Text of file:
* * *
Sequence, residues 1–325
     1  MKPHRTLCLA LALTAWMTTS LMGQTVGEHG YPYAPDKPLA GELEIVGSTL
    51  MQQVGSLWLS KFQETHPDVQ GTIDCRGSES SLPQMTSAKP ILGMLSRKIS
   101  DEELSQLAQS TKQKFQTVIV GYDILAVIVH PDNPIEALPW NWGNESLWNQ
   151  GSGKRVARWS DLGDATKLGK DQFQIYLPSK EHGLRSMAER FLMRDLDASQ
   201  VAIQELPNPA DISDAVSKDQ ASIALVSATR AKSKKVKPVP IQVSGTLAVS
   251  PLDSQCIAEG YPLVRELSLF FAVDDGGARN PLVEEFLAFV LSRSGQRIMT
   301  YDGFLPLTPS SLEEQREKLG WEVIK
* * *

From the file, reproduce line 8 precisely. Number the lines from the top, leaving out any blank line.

   301  YDGFLPLTPS SLEEQREKLG WEVIK